Three-point stance: Baltimore Ravens

After Week 3 either the Patriots or Ravens will have a losing record, unfamiliar territory for both teams.

RavensThe Patriots haven’t had a losing record since 2003, a season-opening 31-0 loss to the Bills days after releasing safety Lawyer Milloy -- cue images of big Sam Adams returning an interception for a touchdown. Similarly, the Ravens haven’t had a losing record since being 2-3 in 2008. According to the Elias Sports Bureau, the Patriots have the longest active streak of games played without a losing record (145) and the Ravens have the second longest (61). Neither of these teams will need a history lesson about the other after last year’s AFC Championship Game.

Here are three areas to watch for when these heavyweights clash Sunday night in Baltimore:

1. Not surprisingly, Ray Rice is near the top of running back leaderboards again this season. Among 37 running backs with at least 20 touches this season, Rice ranks fourth with 245 yards from scrimmage (behind C.J. Spiller, Reggie Bush and Stevan Ridley) and second with a 7.0-yards per touch average. Only Ridley (18) and LeSean McCoy (14) have amassed more total first downs than Rice (13), and a lot of the credit should go to Rice’s offensive line. Rice has averaged a league-best 5.3 yards before contact per rush, a reflection of line play as much as Rice’s ability to find holes. The Patriots’ defense has been much better at containing Rice in their last two meetings, with the 2011 AFC Championship game being the first time the Patriots had held Rice to fewer than 100 total yards of offense. Bill Belichick has made a concerted effort to slow Rice and make Joe Flacco beat the Patriots, priorities that are unlikely to change Sunday night.

2. So what about Joe Flacco? Inconsistency still seems to be the lone constant for Flacco, even on a week-to-week basis. Flacco opened the season by shredding the Bengals, with a 95.1 Total QBR that ranked third best of any Week 1 quarterback. A week later, Flacco’s 24.6 Total QBR against the Eagles was sixth worst among qualifiers. Flacco’s inconsistency as compared to the threat of Rice sparked the shift in the Patriots' defensive strategy, which is reflected in the splits from the four meetings between the teams. As the Patriots’ defense focused on Rice more, Flacco had more opportunities to throw the ball. Flacco averaged seven more attempts in their last two meetings than in the first two, and on Sunday night Flacco should get his chances to throw some more. How effective he is will go a long way toward determining a winner.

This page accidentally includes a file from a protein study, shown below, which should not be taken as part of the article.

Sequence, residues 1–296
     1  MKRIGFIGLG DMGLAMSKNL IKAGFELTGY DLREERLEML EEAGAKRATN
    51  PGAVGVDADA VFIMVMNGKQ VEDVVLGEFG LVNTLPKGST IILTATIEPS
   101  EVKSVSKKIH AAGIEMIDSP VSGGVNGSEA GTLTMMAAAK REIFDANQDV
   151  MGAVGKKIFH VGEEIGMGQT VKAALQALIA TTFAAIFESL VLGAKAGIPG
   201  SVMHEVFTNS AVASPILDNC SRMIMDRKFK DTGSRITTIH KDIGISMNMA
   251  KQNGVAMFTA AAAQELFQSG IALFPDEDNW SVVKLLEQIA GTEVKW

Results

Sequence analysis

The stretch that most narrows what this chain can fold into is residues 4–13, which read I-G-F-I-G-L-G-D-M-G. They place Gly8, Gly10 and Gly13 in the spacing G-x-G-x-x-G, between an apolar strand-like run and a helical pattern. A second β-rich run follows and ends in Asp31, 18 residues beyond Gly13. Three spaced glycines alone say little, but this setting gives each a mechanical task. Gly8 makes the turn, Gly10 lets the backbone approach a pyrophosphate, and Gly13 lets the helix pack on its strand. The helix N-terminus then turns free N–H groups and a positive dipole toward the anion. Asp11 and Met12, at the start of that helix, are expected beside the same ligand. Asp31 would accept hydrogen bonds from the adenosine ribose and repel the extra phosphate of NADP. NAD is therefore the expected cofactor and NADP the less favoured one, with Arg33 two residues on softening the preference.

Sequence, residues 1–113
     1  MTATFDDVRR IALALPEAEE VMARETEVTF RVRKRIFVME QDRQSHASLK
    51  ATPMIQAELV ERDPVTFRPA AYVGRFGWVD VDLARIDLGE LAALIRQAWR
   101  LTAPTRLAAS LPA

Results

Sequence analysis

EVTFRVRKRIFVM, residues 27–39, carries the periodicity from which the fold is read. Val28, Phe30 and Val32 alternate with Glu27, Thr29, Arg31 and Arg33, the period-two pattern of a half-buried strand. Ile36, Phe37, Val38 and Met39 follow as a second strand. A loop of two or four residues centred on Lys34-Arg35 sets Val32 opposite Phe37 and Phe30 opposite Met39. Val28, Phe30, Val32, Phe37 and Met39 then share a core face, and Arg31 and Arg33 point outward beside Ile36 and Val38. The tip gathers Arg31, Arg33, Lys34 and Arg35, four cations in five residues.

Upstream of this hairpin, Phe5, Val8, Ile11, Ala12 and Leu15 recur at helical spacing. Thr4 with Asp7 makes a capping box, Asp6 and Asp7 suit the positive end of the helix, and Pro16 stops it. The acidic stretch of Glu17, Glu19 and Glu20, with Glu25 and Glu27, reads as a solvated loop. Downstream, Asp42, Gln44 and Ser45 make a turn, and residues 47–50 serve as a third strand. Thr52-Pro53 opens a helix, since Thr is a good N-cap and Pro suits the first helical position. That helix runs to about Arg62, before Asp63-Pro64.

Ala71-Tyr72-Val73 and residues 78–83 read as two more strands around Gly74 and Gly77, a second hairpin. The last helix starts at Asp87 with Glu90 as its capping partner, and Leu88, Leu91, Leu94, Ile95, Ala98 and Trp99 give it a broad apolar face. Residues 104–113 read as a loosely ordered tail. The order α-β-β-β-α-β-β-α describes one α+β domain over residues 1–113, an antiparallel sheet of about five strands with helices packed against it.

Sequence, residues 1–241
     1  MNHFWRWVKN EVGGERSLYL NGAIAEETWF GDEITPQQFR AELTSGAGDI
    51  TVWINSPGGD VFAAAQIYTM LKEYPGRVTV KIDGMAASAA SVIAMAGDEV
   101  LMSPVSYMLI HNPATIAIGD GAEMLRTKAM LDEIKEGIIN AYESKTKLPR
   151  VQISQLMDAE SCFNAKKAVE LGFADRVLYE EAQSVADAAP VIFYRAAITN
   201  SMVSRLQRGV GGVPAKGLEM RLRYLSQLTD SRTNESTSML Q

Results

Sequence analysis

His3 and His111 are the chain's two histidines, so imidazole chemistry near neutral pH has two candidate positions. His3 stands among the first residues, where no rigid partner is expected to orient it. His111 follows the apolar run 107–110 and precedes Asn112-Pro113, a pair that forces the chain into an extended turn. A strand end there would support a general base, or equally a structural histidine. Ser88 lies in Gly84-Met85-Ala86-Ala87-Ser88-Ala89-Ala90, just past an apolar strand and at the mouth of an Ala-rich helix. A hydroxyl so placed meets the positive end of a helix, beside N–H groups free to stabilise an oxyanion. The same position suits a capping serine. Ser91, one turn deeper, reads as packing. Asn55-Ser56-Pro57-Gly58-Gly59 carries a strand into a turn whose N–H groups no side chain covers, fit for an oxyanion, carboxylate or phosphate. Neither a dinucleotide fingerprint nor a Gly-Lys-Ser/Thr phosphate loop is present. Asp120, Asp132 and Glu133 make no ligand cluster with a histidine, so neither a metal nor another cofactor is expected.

3. The Ravens’ pass defense has long been the team’s calling card, between a fierce pass rush and stellar secondary play. Taking away the deep ball was an effective hallmark of Baltimore’s defense. The Ravens allowed a 40.1 completion percentage and 10.6 yards per attempt on throws at least 15 yards downfield from 2010-11, but their numbers have jumped this year. They have the eighth-worst yards-per-attempt allowed on throws at least 15 yards downfield this season and have allowed a 61.1 completion percentage, fifth worst in the NFL. The Ravens’ pass rush has been adequate without Terrell Suggs, recording six sacks through two games to rank sixth in the league. Generally speaking, Suggs is not easy to replace. Since 2008, the Ravens have averaged one sack every 16.4 dropbacks with Suggs on the field, and one every 25.6 dropbacks without Suggs.